by Bryné Hadnott
In an unassuming tan building, past windswept hills and equipment from the now-defunct B-Factory particle accelerator, scientists and engineers at the SLAC National Accelerator Laboratory (SLAC) have nearly finished building the world’s largest digital camera for the Vera C. Rubin Observatory’s Legacy Survey of Space and Time (LSST).
Construction began in 2015 and since then, the LSST camera team set a Guinness World Record for the camera’s focal plane, a table-sized array of 189 sensors working in concert to produce the highest resolution digital image ever made: 3,200 megapixels. That’s over 1500 times the resolution of a high-definition television.
The team didn’t plan on breaking any world records, but to build a camera that can take thousands of images every night—each one over three billion pixels in size—they sort of had to.
“To achieve the goals of the observatory, we need this giant focal plane. The goal of LSST is to survey the entire Southern hemisphere sky and to do it quickly enough that we get an image of every part of the available sky in three or four nights,” says SLAC professor of particle physics and astrophysics, Aaron Roodman.
Roodman has been working on the LSST camera team since 2010 and became the project’s program lead for SLAC and the Department of Energy (DOE) at the beginning of 2022. Next spring, the team will meet a critical deadline: carefully assembling three tons of delicate optical equipment and transporting it, via a chartered 747 jumbo jet, to the mountaintop observatory in Chile.
Not so Happy Accidents
The path to building the world’s largest digital camera has, at times, been a meandering one, fraught with challenges in both fundamental physics and just plain turning of screws.
“The first challenge was the development of the charge-coupled device (CCD) image sensors which started over a decade ago. They're highly multiplexed, flat to four microns, and those requirements were extremely demanding,” says Roodman.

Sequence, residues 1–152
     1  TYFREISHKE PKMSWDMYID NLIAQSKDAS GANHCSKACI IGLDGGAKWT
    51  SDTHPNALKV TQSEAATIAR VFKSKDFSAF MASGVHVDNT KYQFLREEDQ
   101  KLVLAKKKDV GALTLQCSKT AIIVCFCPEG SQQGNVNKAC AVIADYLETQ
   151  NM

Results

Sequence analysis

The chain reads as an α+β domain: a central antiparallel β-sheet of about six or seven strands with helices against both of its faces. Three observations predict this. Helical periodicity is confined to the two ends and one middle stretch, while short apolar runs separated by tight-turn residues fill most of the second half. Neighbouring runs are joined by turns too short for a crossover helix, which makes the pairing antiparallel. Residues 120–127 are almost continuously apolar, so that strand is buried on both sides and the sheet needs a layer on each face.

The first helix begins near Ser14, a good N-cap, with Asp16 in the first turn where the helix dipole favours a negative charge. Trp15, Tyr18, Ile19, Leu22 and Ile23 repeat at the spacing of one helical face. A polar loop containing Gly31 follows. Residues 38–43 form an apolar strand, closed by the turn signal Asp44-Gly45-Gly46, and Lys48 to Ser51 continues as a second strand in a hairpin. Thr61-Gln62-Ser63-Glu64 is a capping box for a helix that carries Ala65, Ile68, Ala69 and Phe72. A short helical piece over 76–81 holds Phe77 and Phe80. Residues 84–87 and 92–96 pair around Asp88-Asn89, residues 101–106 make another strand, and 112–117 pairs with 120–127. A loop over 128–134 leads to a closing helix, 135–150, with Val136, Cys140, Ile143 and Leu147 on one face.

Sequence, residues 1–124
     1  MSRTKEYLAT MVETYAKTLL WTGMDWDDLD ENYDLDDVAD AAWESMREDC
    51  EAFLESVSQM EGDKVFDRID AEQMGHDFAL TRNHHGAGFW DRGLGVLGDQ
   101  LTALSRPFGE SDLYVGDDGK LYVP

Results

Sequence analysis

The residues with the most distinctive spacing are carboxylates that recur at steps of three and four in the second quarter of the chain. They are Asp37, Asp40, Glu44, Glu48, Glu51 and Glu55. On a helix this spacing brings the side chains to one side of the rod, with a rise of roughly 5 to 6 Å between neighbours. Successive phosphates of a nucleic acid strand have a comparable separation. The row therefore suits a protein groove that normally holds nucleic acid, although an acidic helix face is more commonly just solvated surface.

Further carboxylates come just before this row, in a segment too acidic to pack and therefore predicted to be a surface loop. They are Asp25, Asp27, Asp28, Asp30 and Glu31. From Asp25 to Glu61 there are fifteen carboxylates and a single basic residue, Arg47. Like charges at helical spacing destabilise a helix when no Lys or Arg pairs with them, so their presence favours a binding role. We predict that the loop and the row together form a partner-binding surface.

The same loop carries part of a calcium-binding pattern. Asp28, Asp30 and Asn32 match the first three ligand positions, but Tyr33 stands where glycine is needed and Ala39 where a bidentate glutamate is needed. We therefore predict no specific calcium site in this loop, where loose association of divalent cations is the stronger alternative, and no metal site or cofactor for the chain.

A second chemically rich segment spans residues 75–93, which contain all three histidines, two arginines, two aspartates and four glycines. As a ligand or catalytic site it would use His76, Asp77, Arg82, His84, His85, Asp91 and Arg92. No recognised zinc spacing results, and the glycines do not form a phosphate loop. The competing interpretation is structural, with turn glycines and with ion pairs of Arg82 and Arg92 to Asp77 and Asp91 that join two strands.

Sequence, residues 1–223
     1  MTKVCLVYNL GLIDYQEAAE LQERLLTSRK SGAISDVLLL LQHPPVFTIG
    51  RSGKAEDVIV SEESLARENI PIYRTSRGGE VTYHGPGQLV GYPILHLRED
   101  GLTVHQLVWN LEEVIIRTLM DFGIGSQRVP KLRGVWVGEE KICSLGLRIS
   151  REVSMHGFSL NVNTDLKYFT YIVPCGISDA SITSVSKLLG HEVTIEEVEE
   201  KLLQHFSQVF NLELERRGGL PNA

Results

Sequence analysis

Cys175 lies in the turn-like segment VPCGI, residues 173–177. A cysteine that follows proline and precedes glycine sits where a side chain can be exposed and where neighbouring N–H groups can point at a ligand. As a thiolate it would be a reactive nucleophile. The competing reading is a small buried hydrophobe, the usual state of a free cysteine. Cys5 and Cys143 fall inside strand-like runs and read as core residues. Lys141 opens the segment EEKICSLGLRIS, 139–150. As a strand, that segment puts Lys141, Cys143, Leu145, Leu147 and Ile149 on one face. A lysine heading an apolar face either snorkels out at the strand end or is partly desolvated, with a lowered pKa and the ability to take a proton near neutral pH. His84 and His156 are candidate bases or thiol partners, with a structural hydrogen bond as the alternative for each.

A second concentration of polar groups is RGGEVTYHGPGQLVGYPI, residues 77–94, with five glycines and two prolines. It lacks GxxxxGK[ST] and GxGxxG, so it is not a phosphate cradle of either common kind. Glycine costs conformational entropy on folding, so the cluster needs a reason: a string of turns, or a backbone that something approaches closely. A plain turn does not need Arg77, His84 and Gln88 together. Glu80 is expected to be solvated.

CCDs are incredibly sensitive detectors that exploit an essential property of semiconductors called the photoelectric effect. When photons—packets of light—strike the CCD, an electron is released. By measuring the electric charge from a row of CCD pixels, scientists can detect the light from objects in the sky that human eyes can’t see. By multiplexing, or combining multiple signals into one, the team can analyze electrical signals from many portions of each CCD at once, saving critical time for pivoting the telescope to the next target.
“The next big challenge was the focal plane, which is made up of 189 CCDs organized into twenty-one subarrays. Those were built at Brookhaven lab in Long Island and then shipped to us. We retested them, and discovered these tiny metal shavings that had gotten into the wire bonds,” explains Roodman.
It took an entire year for Roodman and the camera team to disassemble the subarrays, vacuum away the shavings, and then painstakingly reassemble each one. Through a concerted effort by both Brookhaven and SLAC, the CCDs were successfully scrubbed clean and only three out of the over 3000 charge-carrying channels were affected.